I Sing

by Anastasia Kirchoff

The men passing by, they believe that I sing for them. This is their unwavering creed, that everything exists to be conquered. A human woman’s laugh. Her smile and thoughts. That secret place between her thighs. I am not human nor a woman, even if I resemble one.

I sing because I love the sea. I love the roiling waves, the great cascading equalizer. I love the flash of the sun on the water and the glint and glimmer of it on my silver skin. The sea is home to more creatures and secrets than men can imagine. If they fear me, it’s only because they haven’t yet found anything more appropriate to fear.

The men on the ship are covered in hair and the smell of the dirt that they need to survive, and the skins of the land-dwelling animals they have slain. They sail because they believe even the sea belongs to them, suited though they are for the land. Just a bit of salt and water in their lungs and they sink like stones to a watery grave. But they will press on and invade, even people of far-off civilizations are not safe. They will seize homes, hijack crops, impose their religions. Their culture will spread like the disease of the rats I hear scuttling below decks of their ship.

Some believe that we sing for our father, because we fear his wrath. We are influenced by our parents, the same as any children. They have fear that they press upon us as expectations. We have pride and insecurity and self-righteous rebellions. My wings are inherited, but they do not mean that I have to fly. I do not sing because I must, because even a monster is not devoid of choice.

We could try to warn the sailors of their folly and bid them return to their families. But we do not. Men go to great lengths to deafen themselves. They gawk as they pass, their great wide faces seared from the sun, stocky shoulders hunched, calloused hands gripping the bow and sides of the ship to hold themselves in check. We could find the hate in their eyes offensive or amusing, but to us it is nothing. They reduce us to an obstacle on their journey, a barrier to vault which renders the prize they seek even more coveted. For us their deaths inspire new music.

Our song builds into an unhurried crescendo. The melody is grinding stones, the gale of prideful winds, the screeching of well-fed birds and the great inhalation of a receding tide. Our song is what the sea might say if given a voice that could be heard by mortal ears. And if mortals would listen.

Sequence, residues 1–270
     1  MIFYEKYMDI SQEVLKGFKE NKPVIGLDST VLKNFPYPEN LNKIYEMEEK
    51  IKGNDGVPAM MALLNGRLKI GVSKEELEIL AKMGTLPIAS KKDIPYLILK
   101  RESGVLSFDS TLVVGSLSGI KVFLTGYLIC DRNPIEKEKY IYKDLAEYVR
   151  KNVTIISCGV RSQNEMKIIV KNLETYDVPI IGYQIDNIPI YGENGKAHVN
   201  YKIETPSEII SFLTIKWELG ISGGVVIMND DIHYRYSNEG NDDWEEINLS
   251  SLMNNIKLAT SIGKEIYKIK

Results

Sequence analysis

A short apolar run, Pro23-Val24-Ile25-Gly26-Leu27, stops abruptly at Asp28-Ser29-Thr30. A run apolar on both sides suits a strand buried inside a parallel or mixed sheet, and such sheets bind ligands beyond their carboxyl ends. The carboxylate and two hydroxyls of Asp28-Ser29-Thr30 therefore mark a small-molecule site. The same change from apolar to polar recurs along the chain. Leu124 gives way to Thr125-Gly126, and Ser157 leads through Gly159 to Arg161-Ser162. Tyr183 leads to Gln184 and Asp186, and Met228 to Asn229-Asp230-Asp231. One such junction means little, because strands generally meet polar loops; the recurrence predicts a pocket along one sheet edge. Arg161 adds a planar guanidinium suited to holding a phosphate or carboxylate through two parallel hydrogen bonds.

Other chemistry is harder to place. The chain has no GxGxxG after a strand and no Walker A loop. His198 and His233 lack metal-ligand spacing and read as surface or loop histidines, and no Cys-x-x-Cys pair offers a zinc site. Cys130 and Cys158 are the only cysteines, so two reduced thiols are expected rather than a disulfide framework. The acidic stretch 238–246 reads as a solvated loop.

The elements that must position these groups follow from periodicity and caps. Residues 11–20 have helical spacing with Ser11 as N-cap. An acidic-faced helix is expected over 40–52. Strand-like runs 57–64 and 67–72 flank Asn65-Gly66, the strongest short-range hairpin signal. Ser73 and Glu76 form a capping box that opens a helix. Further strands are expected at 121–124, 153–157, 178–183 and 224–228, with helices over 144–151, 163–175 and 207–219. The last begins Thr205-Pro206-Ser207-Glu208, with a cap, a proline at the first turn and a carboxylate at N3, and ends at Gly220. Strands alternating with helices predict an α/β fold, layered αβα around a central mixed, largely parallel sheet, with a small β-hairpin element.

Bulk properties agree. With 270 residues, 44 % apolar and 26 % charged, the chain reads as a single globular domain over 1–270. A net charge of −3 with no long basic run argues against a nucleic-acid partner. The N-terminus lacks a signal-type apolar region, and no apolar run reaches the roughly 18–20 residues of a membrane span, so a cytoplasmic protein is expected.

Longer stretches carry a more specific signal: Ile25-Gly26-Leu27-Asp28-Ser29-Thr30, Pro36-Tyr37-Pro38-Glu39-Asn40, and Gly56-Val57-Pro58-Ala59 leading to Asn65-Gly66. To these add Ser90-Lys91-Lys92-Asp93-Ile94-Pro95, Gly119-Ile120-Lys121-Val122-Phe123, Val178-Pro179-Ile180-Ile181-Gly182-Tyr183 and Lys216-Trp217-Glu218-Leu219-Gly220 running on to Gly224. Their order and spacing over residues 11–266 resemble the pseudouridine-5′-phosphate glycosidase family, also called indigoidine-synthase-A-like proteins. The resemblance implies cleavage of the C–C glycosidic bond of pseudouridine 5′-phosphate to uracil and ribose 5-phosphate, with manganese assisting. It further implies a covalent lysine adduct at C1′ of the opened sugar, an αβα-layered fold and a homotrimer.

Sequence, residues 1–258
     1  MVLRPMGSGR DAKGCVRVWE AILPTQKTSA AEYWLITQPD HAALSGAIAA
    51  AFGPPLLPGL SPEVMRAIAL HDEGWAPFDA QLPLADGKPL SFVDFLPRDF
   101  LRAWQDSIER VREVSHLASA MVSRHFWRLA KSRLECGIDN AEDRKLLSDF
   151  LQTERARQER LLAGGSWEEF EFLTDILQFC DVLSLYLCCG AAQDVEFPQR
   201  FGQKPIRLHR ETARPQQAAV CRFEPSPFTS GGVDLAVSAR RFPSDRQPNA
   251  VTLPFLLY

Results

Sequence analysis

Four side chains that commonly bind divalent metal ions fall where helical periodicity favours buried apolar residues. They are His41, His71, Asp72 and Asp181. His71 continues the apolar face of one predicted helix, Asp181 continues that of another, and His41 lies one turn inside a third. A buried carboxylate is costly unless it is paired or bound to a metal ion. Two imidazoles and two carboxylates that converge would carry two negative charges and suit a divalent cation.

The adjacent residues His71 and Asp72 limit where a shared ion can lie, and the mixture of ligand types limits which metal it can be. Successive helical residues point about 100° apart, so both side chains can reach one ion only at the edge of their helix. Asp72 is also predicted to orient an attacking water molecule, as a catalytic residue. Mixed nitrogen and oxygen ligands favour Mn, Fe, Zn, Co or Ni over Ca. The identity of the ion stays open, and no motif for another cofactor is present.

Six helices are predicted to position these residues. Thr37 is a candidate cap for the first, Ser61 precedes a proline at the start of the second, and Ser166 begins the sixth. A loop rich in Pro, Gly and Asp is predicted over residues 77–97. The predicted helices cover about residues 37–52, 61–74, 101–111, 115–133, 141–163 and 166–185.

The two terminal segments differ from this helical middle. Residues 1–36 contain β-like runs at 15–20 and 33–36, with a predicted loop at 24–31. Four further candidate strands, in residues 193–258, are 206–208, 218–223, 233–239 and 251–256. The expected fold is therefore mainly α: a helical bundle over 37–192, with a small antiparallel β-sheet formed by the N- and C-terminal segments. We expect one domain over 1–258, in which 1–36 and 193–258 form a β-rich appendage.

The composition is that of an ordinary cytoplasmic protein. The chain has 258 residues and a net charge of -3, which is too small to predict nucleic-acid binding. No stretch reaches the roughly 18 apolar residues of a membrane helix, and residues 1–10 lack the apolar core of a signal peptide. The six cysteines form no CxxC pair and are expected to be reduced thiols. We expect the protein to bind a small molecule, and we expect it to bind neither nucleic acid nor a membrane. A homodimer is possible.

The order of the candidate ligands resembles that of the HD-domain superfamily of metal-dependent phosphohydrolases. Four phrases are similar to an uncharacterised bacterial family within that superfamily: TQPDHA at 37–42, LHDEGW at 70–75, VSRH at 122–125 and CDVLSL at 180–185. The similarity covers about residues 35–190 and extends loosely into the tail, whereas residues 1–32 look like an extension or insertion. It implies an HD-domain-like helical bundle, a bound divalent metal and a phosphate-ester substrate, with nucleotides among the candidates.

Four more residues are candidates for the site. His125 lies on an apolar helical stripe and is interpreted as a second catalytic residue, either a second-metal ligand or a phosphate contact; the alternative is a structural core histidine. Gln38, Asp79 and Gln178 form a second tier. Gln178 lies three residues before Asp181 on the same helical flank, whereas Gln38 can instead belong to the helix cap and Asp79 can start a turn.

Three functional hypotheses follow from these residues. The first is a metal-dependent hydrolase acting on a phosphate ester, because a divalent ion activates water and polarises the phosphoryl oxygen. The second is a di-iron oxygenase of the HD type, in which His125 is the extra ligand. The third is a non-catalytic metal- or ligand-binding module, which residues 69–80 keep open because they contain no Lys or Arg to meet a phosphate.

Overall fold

My sisters and I watch as a sailor struggles with his companions. Intoxicated, he bloodies the nose of a friend and leaps into the churning sea. He swims towards us but already he is sinking, clothes turning to lead, lungs gasping and failing, square heavy boots kicking futilely against the icy grip of the undertow.

We are unmoved as the waves begin to crush him, the sea reasserting itself, pressing him down towards where the world turns opaque. His struggles become more frantic, primal, then transform into a paroxysm of fear born of survival instinct. With their fingers stuffed in their ears, the captain and his men look at us with a hatred that is infectious and absolute, the kind of anger that burns hot enough to survive generations, bleeding from father to sons, the kind of festering grief that can topple empires. We will be there to see all this realized, and they will not. They will be bones in the ground in the lands that they traded their lives for, scraps of moldering clothes and dust, the new generation trodding upon them, and then that generation will fall and rot alongside them. Even then, we will be here, and we will be singing. And even then, our song will not be for them.

Anastasia Kirchoff lives in the Twin Cities of Minnesota where she unsuccessfully tries to avoid being cold. She loves fantasy and hates key lime pie.
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